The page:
Florida teacher who was fired for using gender-neutral honorific ‘Mx.’ sues the state

A nonbinary Florida teacher who was fired for using the gender-neutral honorific “Mx.” is accusing the state education department in a lawsuit of discrimination.

AV Schwandes taught science at the Florida Virtual School, an online public high school, until Oct. 24. Schwandes, who uses “they/them” pronouns, started using “Mx.” at the start of the school year in their email signature. They never actually had a conversation with students about the change, they said, adding that students just started using the new honorific once they updated their email signature. 

Schwandes, who also goes by AV Vary, was fired when the school told them they had to change the honorific to comply with Florida’s Parental Rights in Education act, what critics have dubbed the “Don’t Say Gay” law. 

When the law was initially signed by Republican Gov. Ron DeSantis in March 2022, it prohibited “classroom instruction” on “sexual orientation or gender identity” in kindergarten through third grade “or in a manner that is not age-appropriate or developmentally appropriate.” The measure was then expanded in May to prohibit such classroom instruction from prekindergarten through eighth grade, restrict health education in sixth through 12th grade, and bar teachers and students from using pronouns and titles that don’t align with their birth sex. 

In a lawsuit filed Wednesday in U.S. District Court for the Northern District of Florida, Schwandes and two other Florida teachers, both transgender women, allege that the part of the law that bars them from using pronouns and titles consistent with their gender identities discriminates against them on the basis of sex and violates Title VII of the Civil Rights Act of 1964, the equal protection clause of the Fourteenth Amendment and Title IX of the Education Amendments of 1972.

“I lost my job, and maybe my career, because Florida lawmakers don’t want maturing young adults to know that I exist,” Schwandes said in a statement Wednesday. “As a high school teacher, I should not have to pretend to be someone I’m not simply because I don’t ascribe to someone else’s rigid ideas of gender. Tolerance is a two-way street. Just as I respect the faith-based beliefs of others, my civil rights need to be respected because I am an American, and I do exist.”

The Florida Department of Education and the Florida Virtual School did not immediately return requests for comment regarding the lawsuit. 

Last month, in response to questions about Schwandes’ firing, the Florida Virtual School said in an emailed statement: “As a Florida public school, FLVS is obligated to follow Florida laws and regulations pertaining to public education. This includes laws … pertaining to the use of Personal Titles and Pronouns within Florida’s public school system.”

Katie Wood, one of the other plaintiffs, transitioned in 2020 and has taught math at Lennard High School in Hillsborough County since the 2021-2022 school year, according to the lawsuit. Jane Doe, the third plaintiff, came out as trans in 2021 and has been working as a teacher in Lee County Schools since the 2017-2018 school year.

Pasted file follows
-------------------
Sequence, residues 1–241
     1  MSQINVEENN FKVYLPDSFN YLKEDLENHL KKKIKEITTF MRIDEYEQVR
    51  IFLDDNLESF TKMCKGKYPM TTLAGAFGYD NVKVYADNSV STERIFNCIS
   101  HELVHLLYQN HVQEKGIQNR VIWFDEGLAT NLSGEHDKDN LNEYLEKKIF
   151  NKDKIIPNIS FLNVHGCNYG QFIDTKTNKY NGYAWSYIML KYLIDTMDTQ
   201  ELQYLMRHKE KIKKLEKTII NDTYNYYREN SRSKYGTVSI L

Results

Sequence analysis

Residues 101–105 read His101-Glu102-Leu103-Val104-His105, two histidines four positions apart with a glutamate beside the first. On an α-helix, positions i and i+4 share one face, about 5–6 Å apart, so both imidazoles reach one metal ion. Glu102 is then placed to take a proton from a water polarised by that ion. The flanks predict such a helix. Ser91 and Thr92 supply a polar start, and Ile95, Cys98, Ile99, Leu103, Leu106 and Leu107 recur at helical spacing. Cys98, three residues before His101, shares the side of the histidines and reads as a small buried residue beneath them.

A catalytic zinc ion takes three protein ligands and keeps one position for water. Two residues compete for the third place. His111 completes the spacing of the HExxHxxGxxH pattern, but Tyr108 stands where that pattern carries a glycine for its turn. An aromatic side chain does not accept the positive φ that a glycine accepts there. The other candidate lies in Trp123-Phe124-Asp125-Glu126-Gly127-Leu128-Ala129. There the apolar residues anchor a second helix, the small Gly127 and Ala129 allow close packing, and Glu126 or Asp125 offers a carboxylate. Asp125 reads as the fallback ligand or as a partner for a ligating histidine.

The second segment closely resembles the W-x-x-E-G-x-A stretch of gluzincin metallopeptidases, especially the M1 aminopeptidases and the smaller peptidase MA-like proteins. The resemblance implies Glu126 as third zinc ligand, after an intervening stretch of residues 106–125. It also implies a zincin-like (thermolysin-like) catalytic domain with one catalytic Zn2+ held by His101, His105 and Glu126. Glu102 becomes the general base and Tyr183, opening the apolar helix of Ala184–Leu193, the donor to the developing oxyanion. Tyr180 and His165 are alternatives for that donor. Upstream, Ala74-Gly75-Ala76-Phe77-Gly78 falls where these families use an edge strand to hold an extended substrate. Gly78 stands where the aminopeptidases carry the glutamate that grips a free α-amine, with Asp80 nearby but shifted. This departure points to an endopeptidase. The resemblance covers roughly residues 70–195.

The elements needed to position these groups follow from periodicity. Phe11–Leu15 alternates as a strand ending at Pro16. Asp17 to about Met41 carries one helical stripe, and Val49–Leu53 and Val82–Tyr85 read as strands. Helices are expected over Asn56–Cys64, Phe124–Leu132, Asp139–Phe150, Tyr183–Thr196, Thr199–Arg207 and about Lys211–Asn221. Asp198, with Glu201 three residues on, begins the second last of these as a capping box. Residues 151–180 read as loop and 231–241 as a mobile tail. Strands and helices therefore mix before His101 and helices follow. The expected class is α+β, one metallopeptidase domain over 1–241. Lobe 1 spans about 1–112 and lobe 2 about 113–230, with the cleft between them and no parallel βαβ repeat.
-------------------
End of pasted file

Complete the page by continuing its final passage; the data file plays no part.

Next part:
Both teachers said their districts were supportive of their identities, and they used the titles “Ms.” when introducing themselves and “she/her” pronouns in their classrooms and syllabi, according to the lawsuit. However, under the Florida parental rights law, they are now prohibited from doing so because their birth sexes were male. They are also barred from correcting students and other teachers who address them using “Mr.” or “he” and “him” pronouns. 

Wood has asked her students to call her “Teacher Wood,” but, according to the lawsuit, the nongendered title makes Wood feel stigmatized, since no other teachers at her school use it and it “does not come naturally to her when describing herself.”

“Going by Teacher has disrupted Ms. Wood’s ability to teach and distracted her students,” the suit says. The “risk that she could lose her teaching job and license” for violating the law and Hillsborough County School Board policy, which has enforced the law, “has caused Ms. Wood great anxiety and distracts her during work.”

The Hillsborough County School Board and the Lee County School Board did not immediately return requests for comment.

When DeSantis signed the expanded Parental Rights in Education act in May, he said that Florida would not do “the pronoun Olympics,” and that teachers and students would “never be forced to declare pronouns in school or be forced to use pronouns not based on biological sex.”

The plaintiffs are represented by two civil rights groups, the Southern Poverty Law Center and Southern Legal Counsel, and by San Francisco-based private law firm Altshuler Berzon, LLP.

“Educators serve their students and communities best when working in safe spaces where they are respected, valued, and allowed to be themselves,” the plaintiffs’ attorneys said in a joint statement Wednesday. “Stigmatizing trans and nonbinary people not only undermines educators but also harms and isolates all students. Teaching at a public school shouldn’t mean denying or contradicting core beliefs or, most importantly, losing oneself entirely. These unlawful statutes have distracted and harmed teachers who want to teach.”

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